Another home run from the versatile pen of the author whose name I cannot pronounce, but do remember. You know how it is with Americans. We are always so superior about things foreign, and take pride in not being able to speak other languages or pronounce foreign words. Well, Since Mr. Cacoyannis was born in Cyprus, even though now he is a Brit, having passed the bar to practice law and lives in London, maybe he counts on my Read Foreign Authors Challenge. He definitely holds a secure place on my Top Ten Authors list.
This is another quirky story, although not nearly so quirky as The Dead of August, of Bowl of Fruit (1907), a much more straight forward tale. Although said to be a love story, I found it to be more about the wife, who had a strange childhood. Her mother died of cancer when she was a child, and her father soon after married the grasping ‘housekeeper’, with whom he had been having an affair before his wife’s death, you know, as one does, but the strange part was the stepmother insisted that the child call her ‘mummy’ or whatever and never refer to her dead mother, so that this woman could pretend the child was really hers. The stepmother was truly wicked to the father, but always sweet, loving and giving to the child, who cordially hated the woman.
Well, dad died a lingering death when our girl was 15, but strangely enough, she went on calling her stepmother ‘mother’ even when she no longer had to in order to appease her father, and even though she still went on hating the woman, perhaps now not so cordially. And she never told her husband of ten years that the woman was not her ‘real’ mother but her stepmother. Oh well, we all have secrets.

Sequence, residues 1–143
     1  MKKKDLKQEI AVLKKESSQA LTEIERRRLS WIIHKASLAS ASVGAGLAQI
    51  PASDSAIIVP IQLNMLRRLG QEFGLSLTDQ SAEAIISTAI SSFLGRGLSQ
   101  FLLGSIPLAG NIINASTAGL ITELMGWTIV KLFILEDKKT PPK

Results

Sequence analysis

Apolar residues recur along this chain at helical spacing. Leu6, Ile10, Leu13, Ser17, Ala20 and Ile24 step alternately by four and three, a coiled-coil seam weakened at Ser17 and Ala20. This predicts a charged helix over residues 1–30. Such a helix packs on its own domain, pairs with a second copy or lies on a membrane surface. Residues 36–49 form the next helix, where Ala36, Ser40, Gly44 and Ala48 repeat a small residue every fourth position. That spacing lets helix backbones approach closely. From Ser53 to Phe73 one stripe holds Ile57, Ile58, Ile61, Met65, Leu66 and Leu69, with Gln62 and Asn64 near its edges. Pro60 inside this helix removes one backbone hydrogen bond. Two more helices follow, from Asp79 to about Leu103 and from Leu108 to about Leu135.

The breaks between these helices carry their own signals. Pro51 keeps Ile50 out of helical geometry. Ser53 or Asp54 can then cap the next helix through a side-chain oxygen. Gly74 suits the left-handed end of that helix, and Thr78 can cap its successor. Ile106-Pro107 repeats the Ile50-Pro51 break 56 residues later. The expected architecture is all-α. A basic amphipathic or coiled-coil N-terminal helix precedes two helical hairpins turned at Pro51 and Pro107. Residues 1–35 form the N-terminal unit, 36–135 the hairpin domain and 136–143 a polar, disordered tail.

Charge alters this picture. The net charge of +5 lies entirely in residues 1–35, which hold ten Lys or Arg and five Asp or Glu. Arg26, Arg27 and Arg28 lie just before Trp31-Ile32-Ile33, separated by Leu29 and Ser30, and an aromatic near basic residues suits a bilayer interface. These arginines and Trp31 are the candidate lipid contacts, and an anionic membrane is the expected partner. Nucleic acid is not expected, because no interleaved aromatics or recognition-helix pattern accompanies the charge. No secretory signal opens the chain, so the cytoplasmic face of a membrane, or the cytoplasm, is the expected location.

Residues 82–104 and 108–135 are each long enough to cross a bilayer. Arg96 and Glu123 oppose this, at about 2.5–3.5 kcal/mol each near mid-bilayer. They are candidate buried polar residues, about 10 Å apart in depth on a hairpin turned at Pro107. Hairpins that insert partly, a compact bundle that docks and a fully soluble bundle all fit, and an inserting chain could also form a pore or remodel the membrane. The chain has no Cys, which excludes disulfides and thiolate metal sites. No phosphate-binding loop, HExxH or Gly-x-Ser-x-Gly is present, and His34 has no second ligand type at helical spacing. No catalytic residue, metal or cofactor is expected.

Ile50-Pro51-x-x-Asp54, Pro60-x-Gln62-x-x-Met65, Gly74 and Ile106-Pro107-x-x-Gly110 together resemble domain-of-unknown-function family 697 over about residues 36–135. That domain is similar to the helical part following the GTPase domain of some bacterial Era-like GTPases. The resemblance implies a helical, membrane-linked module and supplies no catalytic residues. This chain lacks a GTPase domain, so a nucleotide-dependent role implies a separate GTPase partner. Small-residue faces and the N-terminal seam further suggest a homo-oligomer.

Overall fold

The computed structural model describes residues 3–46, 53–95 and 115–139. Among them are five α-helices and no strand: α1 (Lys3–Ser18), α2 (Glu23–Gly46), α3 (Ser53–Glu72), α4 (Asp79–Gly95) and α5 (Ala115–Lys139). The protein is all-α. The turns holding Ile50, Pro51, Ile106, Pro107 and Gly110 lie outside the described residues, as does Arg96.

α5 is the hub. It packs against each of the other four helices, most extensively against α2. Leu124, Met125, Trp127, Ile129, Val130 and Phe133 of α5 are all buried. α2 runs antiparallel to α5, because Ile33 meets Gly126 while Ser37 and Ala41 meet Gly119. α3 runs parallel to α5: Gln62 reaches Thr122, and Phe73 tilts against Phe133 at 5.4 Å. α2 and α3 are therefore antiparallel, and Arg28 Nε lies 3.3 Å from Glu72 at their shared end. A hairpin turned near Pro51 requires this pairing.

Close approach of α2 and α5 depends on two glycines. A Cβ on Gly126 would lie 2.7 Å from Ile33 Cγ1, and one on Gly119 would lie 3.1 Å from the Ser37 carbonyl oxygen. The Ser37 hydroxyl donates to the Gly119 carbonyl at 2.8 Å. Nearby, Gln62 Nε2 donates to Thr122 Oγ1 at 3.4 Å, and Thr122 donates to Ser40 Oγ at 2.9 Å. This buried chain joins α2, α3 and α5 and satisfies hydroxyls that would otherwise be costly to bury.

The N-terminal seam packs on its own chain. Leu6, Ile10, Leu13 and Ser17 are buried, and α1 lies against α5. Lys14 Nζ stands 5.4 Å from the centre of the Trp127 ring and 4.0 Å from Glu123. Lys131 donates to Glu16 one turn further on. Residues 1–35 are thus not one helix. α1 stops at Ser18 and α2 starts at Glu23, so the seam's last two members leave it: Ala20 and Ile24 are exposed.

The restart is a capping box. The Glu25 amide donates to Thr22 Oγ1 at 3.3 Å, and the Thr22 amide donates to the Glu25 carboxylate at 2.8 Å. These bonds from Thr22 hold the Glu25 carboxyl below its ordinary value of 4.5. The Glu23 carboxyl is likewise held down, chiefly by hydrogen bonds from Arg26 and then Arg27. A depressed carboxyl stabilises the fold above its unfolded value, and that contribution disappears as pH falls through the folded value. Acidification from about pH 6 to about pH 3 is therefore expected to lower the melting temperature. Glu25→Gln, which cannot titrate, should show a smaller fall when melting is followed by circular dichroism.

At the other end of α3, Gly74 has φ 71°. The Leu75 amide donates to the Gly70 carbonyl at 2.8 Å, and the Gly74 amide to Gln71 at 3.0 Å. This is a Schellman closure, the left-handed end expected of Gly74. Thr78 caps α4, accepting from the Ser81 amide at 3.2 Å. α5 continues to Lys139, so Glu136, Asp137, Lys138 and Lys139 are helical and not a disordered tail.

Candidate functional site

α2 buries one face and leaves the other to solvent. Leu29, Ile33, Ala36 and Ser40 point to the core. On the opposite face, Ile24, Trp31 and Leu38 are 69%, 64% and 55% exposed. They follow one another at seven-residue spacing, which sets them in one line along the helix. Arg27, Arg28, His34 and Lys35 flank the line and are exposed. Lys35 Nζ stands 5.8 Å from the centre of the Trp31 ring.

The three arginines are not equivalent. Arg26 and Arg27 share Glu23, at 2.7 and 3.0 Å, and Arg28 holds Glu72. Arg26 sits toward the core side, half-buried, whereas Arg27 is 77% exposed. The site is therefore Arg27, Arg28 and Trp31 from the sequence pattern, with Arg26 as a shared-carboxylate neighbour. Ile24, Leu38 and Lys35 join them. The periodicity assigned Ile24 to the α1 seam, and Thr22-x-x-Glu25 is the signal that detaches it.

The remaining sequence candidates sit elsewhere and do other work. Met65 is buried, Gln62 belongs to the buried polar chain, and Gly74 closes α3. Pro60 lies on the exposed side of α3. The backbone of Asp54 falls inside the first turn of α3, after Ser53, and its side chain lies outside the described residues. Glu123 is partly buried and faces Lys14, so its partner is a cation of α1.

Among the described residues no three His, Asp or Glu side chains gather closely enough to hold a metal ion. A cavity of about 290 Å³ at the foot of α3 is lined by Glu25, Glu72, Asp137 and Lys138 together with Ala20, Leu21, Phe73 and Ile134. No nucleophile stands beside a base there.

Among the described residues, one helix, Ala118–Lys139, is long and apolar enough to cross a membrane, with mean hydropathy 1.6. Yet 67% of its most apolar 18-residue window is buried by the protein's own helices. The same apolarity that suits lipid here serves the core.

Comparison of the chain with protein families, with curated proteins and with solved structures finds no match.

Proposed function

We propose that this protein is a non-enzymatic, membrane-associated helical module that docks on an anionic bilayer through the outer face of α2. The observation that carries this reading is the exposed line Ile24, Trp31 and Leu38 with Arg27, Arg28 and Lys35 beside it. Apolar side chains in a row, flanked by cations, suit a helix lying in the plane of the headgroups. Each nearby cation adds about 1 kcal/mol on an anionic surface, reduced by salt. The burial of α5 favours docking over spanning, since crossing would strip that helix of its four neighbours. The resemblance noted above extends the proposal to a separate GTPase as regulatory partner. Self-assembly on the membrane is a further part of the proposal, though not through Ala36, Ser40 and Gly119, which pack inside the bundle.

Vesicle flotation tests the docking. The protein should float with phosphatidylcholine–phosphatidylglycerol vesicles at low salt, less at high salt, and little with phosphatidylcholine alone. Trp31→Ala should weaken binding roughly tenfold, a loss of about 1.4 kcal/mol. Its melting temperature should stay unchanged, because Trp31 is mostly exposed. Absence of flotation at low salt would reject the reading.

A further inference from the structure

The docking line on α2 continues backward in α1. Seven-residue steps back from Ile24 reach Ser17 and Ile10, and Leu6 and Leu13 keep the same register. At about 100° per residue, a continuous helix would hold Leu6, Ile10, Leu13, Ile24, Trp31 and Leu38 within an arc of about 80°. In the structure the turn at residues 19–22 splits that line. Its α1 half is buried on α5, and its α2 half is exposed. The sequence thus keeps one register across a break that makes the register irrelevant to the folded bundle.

The husband absolutely adored his wife, and this is what I absolutely adore about this male author — that he writes so tenderly about a guy’s feelings, and makes the guy still love the wife long after I would have taken her by the shoulders and shaken her until her eyeballs rattled and yelled into her face “GET A F**KING GRIP!” Yeah. but that’s me, My Way or the Highway Marti.
It is a story not only about love, but about friendship, and tolerance and understanding. A lot more understanding than I personally understand.
Although the blurb talks about a bit of black humor, I did not find any. Maybe because I am not British.
What I was ho-hum about: lots, and I mean lots, of talk about having sex. Not descriptions of the act, but these people had a LOT of sex. We are told this over and over. Maybe it was to convey to us jaded and oh-so-blasé readers how much they still loved each other after all this time. And the other thing: yeah, I know it was part of the story, and my ho-humness has nothing to do with the writing or the story arc or anything but me, but there is this whole thing about how the wife was suddenly over the top anxious to have a baby, but she couldn’t because…. I am underwhelmed about people’s problems with having a baby. We have too many people on the planet as it is, sorry about your biological issues, get a puppy, get over it, get on with your life. My third ho-hommery was how everybody got so successful without having to really work at it. The hubs takes up photography and is an immediate international success. The wife receives a sizeable inheritance, and so buys herself a nifty two-story apartment … in London…. in a decent neighborhood. Then she enlists two other best friends and they start an advertising agency and guess what? Yeah, they are wildly successful. The wife sets up her other best friend in a boutique, and it immediately prospers. Oh well. I am just jealous, because I am Wednesday’s Child, had to work hard for a living. Life isn’t fair. Who said life was fair? Wait. What am I jealous of… this is F.I.C.T.I.O.N. Oh, yeah. I forgot. Never mind.
Good book. I am having trouble expressing why I liked it so much, but I really did.